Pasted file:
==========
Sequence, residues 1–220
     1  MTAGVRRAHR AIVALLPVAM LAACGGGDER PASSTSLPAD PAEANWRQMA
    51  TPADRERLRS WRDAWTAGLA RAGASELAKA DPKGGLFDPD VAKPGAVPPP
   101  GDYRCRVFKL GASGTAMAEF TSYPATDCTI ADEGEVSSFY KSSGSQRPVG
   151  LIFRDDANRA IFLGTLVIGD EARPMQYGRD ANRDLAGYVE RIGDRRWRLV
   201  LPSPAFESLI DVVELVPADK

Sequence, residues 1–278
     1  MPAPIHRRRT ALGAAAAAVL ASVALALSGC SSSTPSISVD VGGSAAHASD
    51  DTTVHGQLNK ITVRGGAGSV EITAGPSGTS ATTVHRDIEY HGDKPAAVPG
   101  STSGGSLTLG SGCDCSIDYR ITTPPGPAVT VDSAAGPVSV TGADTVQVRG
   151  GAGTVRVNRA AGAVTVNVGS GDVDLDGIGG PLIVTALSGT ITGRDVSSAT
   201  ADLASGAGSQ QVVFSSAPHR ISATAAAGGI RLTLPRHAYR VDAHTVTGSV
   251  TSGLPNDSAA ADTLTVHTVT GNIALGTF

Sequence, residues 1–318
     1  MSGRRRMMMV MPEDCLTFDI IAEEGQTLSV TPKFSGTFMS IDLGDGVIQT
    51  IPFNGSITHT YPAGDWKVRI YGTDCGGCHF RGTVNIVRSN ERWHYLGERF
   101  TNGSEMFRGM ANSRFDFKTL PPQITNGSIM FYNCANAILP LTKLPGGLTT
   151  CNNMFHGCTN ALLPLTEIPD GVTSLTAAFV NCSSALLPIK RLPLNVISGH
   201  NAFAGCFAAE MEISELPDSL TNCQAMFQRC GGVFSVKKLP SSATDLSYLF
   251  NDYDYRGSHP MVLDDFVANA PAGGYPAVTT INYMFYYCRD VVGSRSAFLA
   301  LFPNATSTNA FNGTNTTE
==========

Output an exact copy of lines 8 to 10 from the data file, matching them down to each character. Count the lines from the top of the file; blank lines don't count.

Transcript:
     1  MPAPIHRRRT ALGAAAAAVL ASVALALSGC SSSTPSISVD VGGSAAHASD
    51  DTTVHGQLNK ITVRGGAGSV EITAGPSGTS ATTVHRDIEY HGDKPAAVPG
   101  STSGGSLTLG SGCDCSIDYR ITTPPGPAVT VDSAAGPVSV TGADTVQVRG